Once planted, backfill around the planting site with the dug-up soil and then tamp it. Water thoroughly. Do not fertilize!
Spring is regarded as the best time to plant, but slightly warmer conditions are also good enough.
Soil Requirements & Fertilization
Most garden soils can support a palm tree unless they are highly acidic or have excessive clay content. The most important soil quality is drainage. If your tree stays waterlogged, its roots could develop rot and eventually it will die. Incorporating a few shovelfuls of sand into your garden soil will help improve drainage.
Nutrient-deficient soils can be enriched with a regular dose of compost. Spread a 2 inch layer of compost underneath the palm and work it into the soil 2 to 4 inches deep using a garden claw. Fertilize with compost once a year in the spring.
You can use organic mulch around the tree to keep the soil moisturized. Make sure to keep the mulch 2 to 3 inches away from the trunk of your palm, which is easily susceptible to rot and pests.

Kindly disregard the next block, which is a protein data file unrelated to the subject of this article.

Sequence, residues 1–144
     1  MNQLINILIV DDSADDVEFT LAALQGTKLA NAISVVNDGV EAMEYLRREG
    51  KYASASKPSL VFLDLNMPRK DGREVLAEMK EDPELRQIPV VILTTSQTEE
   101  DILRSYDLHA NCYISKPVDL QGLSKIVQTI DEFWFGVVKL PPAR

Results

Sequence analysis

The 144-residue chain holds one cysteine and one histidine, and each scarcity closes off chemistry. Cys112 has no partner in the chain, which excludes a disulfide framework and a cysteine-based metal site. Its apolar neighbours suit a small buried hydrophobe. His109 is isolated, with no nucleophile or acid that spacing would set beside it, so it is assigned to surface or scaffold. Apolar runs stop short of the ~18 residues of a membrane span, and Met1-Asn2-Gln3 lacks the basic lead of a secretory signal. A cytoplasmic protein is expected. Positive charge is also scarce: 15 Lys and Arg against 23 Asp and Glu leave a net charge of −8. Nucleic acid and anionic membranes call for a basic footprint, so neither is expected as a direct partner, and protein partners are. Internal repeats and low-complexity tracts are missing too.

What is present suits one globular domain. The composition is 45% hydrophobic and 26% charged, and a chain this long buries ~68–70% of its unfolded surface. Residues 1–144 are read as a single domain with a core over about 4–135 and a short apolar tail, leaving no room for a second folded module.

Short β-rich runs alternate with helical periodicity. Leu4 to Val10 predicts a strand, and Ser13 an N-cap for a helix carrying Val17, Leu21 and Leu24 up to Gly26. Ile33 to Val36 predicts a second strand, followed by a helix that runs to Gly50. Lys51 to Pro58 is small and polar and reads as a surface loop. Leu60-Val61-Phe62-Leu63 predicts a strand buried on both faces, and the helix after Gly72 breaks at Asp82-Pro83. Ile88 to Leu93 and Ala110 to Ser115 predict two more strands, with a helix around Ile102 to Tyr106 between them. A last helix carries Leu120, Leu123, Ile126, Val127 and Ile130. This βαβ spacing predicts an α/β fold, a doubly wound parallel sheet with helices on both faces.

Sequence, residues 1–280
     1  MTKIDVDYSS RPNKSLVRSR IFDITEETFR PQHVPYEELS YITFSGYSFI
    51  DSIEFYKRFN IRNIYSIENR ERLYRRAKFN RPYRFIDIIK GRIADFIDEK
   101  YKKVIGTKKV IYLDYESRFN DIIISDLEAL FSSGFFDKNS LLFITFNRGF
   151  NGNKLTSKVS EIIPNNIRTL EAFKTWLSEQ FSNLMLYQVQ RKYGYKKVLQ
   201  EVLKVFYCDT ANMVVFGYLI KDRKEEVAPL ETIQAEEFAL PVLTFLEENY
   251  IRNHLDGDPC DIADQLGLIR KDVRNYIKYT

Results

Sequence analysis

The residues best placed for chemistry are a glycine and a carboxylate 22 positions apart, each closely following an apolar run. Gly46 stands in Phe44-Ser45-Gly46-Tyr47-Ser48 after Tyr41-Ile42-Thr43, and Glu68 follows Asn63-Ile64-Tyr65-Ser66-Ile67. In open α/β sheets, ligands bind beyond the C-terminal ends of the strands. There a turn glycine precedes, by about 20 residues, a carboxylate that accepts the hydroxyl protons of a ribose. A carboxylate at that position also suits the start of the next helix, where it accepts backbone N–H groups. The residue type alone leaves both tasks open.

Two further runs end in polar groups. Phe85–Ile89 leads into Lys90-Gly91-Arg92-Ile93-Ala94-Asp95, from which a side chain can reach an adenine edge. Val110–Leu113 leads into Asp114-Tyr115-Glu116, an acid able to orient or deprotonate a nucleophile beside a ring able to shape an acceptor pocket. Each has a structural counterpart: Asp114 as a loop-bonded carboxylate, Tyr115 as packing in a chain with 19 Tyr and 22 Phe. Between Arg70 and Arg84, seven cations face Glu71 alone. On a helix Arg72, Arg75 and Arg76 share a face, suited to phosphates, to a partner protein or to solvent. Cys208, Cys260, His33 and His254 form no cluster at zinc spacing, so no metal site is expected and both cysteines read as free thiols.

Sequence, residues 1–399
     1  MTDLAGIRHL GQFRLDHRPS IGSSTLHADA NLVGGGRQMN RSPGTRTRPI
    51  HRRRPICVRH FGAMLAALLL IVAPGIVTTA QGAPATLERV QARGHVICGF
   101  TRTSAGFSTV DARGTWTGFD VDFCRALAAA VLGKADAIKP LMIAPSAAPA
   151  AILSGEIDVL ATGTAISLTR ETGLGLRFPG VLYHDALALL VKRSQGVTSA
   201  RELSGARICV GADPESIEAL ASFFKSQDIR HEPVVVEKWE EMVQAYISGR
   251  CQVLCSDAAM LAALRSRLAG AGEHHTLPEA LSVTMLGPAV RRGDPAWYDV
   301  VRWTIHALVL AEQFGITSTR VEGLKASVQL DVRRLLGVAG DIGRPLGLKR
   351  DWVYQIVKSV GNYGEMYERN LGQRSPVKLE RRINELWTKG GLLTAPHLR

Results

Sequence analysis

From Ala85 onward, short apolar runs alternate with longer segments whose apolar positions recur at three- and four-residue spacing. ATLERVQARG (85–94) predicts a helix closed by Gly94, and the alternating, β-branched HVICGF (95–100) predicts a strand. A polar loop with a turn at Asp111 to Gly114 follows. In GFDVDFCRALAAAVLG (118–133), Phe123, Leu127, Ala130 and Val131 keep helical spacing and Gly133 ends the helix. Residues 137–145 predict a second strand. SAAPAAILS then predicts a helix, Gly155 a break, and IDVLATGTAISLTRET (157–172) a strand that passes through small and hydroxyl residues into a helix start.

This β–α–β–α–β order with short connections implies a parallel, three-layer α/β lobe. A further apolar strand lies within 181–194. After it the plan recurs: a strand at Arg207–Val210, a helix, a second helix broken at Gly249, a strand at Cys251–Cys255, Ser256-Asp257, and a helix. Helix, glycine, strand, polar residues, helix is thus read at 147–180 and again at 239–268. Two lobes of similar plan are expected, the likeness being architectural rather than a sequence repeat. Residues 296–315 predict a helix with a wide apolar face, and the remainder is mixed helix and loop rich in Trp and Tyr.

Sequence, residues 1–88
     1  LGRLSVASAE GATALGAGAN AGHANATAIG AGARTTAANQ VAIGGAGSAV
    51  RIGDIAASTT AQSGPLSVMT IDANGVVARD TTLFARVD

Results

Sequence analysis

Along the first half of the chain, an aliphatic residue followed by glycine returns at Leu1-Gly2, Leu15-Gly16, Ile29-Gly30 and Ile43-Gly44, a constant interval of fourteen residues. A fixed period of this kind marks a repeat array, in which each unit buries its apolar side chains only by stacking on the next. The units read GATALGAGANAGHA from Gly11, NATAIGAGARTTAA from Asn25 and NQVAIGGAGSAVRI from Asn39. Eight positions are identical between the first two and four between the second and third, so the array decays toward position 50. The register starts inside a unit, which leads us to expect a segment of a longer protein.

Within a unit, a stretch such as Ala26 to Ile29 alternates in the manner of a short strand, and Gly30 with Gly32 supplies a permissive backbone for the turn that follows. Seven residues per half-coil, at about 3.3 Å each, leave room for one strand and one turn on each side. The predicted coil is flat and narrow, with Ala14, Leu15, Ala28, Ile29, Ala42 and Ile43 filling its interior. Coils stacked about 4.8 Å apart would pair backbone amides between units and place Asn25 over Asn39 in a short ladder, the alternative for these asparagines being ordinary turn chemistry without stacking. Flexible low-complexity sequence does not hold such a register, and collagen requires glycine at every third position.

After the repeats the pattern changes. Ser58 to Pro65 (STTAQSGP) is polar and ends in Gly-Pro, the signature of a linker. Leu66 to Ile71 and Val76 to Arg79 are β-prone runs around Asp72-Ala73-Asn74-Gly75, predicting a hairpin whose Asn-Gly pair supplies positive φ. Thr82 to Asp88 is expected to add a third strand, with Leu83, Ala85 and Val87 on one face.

Do not fertilize your palm at all in the first 3 to 4 months of growth. During this time your palm's roots are too new and delicate for fertilization.
Regular fertilization of mature palms needs to be done during the growing season only. During the warm months, fertilize your palm 4 to 5 times. Use specific palm fertilizers that contain recommended micronutrients like potassium and manganese.
Check for brownish or yellowish fronds. This means potassium deficiency in the palm tree. To correct this, use a high potassium fertilizer such as muriate of potash.